There are two versions of the film, the full length running 48 minutes as well as a less graphic version that runs 23 minutes. The film is framed around a veterans reunion that takes place somewhere in the South. During the ceremony both Benjamin Franklin Meyers of the Union and Andrew Jackson Stewart of the Confederacy reflect on their experiences during the war from their first battle to the trench warfare of 1864. The film delves into questions of why men fought and persevered in the ranks without reducing the war to any one explanation. There are no transcendent figures and no references to Lincoln, Davis, Lee, Grant or anyone to detract from the focus of the film. Viewers empathize with both individuals and suffer through some very difficult battle footage, which is emotionally draining. The film succeeds brilliantly in conveying the emotion of battle. Finally, the reunion scenes steer clear of the mistaken notion that Lee’s surrender at Appomattox or even later events involving Union and Confederate veterans reflected the healing of old wounds and bitterness. I don’t want to give too much away about this movie.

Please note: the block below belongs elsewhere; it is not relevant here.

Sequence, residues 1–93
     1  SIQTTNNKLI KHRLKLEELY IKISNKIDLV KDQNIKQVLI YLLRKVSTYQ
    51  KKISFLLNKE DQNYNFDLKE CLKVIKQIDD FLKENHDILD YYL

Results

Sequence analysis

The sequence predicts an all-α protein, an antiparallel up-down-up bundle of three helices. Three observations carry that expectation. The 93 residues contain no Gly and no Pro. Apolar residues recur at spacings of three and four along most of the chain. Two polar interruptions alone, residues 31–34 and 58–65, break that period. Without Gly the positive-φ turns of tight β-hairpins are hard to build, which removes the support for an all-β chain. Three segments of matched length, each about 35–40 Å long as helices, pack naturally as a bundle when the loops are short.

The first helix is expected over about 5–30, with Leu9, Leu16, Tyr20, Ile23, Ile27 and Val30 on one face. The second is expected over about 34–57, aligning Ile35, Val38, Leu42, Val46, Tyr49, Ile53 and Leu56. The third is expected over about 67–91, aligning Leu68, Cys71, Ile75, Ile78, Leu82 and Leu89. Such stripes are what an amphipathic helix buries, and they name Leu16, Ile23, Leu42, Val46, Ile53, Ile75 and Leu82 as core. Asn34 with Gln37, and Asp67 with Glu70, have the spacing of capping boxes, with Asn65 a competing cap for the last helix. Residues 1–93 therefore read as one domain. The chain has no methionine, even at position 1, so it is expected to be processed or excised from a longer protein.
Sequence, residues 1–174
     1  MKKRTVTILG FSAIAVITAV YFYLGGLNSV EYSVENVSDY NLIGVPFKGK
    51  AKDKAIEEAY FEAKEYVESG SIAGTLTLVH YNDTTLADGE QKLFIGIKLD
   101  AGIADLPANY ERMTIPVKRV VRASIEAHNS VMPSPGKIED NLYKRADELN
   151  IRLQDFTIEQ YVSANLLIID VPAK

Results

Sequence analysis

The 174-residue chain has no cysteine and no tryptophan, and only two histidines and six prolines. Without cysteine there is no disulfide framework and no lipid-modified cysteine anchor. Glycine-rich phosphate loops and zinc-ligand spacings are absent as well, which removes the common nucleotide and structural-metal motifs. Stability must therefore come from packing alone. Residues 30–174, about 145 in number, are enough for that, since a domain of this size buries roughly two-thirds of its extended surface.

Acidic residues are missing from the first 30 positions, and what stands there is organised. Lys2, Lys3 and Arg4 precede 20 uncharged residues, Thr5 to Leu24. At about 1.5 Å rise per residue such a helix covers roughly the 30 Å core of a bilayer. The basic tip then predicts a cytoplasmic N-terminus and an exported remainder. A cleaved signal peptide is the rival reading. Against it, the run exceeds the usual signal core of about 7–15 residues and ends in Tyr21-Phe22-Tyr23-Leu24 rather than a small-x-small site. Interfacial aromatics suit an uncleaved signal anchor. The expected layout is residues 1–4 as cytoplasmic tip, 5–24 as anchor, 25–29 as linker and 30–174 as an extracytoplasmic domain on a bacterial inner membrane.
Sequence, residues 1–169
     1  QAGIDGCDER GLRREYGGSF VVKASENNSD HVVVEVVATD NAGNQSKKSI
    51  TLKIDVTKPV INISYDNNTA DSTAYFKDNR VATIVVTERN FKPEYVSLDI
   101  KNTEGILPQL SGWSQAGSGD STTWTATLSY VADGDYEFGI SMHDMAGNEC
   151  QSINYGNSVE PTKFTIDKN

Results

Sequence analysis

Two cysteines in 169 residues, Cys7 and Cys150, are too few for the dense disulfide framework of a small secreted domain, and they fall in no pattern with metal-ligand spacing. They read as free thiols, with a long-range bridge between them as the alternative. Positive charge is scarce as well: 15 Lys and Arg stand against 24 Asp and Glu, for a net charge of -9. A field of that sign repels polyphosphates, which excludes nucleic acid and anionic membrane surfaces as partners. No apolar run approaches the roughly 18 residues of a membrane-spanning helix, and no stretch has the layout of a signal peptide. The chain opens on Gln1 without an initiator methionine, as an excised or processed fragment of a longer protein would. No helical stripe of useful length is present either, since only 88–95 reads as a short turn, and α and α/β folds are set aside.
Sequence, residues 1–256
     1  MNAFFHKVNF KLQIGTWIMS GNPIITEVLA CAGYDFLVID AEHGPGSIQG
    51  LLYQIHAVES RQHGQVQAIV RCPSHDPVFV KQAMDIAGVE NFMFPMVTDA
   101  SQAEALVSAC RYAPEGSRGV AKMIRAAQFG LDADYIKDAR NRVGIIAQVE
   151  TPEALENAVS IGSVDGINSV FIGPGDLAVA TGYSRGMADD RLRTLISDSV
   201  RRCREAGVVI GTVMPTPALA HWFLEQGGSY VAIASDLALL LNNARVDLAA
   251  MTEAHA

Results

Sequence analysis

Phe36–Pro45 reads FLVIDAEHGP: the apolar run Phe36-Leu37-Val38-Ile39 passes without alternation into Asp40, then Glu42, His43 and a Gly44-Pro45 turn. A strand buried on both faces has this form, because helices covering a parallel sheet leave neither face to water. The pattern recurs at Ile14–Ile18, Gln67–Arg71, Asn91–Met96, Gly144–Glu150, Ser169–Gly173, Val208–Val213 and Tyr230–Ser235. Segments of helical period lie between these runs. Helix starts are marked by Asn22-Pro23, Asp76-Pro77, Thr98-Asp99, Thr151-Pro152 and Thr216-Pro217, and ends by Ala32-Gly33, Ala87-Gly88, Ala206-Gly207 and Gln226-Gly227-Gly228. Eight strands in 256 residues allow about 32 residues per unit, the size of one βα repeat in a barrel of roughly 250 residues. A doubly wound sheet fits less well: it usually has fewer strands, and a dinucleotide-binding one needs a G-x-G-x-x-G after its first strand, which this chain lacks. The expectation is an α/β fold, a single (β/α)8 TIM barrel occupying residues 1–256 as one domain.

At the conclusion of the movie our group remained silent for a few moments before discussing it with Greene and I don’t mind admitting that I had a tear in my eye. I made it a point to purchase a copy before leaving and I plan on showing the full version to my Civil War class this year. If you are a teacher I encourage you to purchase a copy through Pamplin Park’s online store. It’s only $9.95 and I guarantee that you won’t be sorry.